How Do I Properly Freeze a Fresh Tomato for Future Use?

by Jenny Harrington
A freezer full of tomatoes can replace canned tomatoes in most recipes.

A freezer full of tomatoes can replace canned tomatoes in most recipes.

A bounty of summer tomatoes requires proper preservation to ensure they keep their quality until you can use them. Freezing tomatoes at their peak freshness gives you the flavor of vine-ripened summer vegetables at any time of year. Freezing softens tomatoes so they are no longer suitable for fresh use, but you can use them to flavor sauces, add them soups and stews, or mix them into your favorite recipes just as you would canned tomatoes.

Wash the tomatoes in cold water, removing any soil on their skins. Set aside fully ripened, firm tomatoes with no blemishes for freezing.

Cut out the stem end of each tomato with the tip of a paring knife.

Bring a pot of water to a full boil if you want to remove the skins before freezing. You can freeze tomatoes with the skin on, if preferred. Dunk each tomato into the boiling water for one minute or until the skin splits, then immediately submerge it into cold water until it cools completely. Slip the skin off each cooled tomato.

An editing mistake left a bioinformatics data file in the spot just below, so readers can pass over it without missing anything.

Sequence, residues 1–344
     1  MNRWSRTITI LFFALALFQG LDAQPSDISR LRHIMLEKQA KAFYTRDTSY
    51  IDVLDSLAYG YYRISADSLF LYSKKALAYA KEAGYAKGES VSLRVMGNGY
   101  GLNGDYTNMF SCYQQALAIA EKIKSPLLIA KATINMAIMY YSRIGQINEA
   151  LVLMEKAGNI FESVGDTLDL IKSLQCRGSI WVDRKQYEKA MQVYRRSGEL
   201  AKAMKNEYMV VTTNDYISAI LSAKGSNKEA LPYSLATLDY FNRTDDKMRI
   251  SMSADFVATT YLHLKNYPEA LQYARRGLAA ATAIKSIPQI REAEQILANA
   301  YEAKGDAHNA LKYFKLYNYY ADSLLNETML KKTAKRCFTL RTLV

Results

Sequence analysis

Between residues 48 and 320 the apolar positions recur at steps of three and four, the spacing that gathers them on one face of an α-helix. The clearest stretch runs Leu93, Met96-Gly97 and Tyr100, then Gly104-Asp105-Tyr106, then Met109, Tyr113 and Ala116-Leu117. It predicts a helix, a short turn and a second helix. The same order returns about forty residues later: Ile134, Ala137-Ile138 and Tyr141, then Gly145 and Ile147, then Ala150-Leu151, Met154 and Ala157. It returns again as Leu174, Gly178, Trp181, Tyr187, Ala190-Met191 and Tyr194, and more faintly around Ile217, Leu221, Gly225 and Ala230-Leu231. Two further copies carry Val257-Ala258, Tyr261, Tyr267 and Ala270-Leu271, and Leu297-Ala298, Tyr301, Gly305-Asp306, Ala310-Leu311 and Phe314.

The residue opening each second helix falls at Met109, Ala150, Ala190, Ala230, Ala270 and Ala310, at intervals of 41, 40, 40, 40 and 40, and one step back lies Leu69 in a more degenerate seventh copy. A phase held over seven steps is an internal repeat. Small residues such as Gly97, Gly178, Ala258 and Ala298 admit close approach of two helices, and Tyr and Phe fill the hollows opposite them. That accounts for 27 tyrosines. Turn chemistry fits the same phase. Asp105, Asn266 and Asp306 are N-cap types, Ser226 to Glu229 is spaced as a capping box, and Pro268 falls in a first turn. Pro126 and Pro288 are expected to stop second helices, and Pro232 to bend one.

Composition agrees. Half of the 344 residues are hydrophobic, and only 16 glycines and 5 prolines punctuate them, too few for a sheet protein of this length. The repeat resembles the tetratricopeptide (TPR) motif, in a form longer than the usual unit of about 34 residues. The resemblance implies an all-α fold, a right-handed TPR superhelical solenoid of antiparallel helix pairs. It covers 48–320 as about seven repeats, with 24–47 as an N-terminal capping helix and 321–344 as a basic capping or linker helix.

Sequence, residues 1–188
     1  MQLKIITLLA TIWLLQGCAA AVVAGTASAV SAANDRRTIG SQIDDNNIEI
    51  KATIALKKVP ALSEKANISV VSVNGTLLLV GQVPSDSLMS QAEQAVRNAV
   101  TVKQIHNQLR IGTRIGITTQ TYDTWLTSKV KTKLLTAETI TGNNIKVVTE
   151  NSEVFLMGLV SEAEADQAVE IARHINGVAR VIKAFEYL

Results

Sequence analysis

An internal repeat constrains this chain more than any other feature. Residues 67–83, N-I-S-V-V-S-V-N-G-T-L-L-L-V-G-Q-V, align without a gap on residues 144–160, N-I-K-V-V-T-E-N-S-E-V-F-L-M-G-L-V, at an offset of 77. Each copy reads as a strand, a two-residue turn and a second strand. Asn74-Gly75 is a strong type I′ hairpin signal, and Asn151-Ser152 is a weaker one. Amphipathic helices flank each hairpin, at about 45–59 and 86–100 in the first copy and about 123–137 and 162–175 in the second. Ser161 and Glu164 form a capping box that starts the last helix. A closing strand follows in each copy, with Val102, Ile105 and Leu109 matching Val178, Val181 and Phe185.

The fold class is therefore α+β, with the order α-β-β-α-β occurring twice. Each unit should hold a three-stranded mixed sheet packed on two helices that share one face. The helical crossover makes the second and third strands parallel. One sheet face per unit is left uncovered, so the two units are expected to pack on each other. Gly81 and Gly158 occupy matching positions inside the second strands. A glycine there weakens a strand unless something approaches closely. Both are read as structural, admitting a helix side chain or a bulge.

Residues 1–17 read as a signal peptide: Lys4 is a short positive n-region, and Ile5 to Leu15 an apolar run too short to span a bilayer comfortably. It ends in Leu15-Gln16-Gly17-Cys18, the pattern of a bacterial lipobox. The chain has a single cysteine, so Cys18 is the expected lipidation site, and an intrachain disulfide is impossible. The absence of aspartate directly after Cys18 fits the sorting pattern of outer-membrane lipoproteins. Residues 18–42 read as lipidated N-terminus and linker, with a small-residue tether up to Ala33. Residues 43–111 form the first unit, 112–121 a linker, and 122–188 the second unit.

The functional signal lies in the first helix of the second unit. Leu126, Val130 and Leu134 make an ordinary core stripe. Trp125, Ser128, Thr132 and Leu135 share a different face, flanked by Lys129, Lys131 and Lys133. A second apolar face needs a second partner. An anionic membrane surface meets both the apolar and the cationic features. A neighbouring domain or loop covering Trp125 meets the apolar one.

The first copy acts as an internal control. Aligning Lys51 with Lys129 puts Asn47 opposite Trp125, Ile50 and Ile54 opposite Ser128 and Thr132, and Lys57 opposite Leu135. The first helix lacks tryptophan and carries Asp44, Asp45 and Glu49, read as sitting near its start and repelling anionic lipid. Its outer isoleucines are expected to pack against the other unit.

Line a baking sheet with wax paper. Arrange the whole fresh tomatoes on the baking sheet so they aren't touching one another. Place the tray in the freezer for four to six hours, or until the tomatoes are completely frozen through.

Transfer the frozen tomatoes to a plastic freezer bag. Store the frozen tomatoes at zero degrees Fahrenheit for up to eight months.

Items you will need
  • Paring knife
  • Non-reactive pot
  • Baking pan
  • Wax paper
  • Plastic freezer bag

Tip

  • Thaw the tomatoes in the refrigerator overnight before using them, or add them frozen to the recipe before cooking. If you freeze tomatoes with their skins on, run them under hot water when they are still frozen so the skins will slip off.

Photo Credits

  • Jupiterimages/Photos.com/Getty Images